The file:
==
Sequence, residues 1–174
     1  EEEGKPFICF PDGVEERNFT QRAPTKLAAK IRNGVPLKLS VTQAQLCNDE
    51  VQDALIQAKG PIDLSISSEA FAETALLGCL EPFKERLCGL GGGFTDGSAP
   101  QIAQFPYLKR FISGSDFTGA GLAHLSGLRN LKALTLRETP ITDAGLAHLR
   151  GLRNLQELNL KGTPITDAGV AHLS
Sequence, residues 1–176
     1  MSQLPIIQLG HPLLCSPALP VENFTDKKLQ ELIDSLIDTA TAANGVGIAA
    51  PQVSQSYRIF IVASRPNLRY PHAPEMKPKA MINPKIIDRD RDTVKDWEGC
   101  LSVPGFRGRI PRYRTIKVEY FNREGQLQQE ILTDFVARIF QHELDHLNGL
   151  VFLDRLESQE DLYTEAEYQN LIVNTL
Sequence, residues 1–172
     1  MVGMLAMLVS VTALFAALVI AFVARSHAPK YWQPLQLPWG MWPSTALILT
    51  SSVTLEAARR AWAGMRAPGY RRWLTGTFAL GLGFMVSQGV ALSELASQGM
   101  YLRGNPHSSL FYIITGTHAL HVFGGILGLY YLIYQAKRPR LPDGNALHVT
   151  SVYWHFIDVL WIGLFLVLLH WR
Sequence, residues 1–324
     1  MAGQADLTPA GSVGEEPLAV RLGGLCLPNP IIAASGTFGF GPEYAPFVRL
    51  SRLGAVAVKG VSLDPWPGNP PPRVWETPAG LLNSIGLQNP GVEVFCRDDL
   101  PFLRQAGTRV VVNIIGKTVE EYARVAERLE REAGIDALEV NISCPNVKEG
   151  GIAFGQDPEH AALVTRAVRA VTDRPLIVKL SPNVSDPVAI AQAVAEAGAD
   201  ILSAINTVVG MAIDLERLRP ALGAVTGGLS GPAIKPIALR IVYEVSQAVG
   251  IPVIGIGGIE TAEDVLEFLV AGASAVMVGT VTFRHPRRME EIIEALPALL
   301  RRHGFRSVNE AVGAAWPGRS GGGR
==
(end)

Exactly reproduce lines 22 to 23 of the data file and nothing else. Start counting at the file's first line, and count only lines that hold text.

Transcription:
   251  IPVIGIGGIE TAEDVLEFLV AGASAVMVGT VTFRHPRRME EIIEALPALL
   301  RRHGFRSVNE AVGAAWPGRS GGGR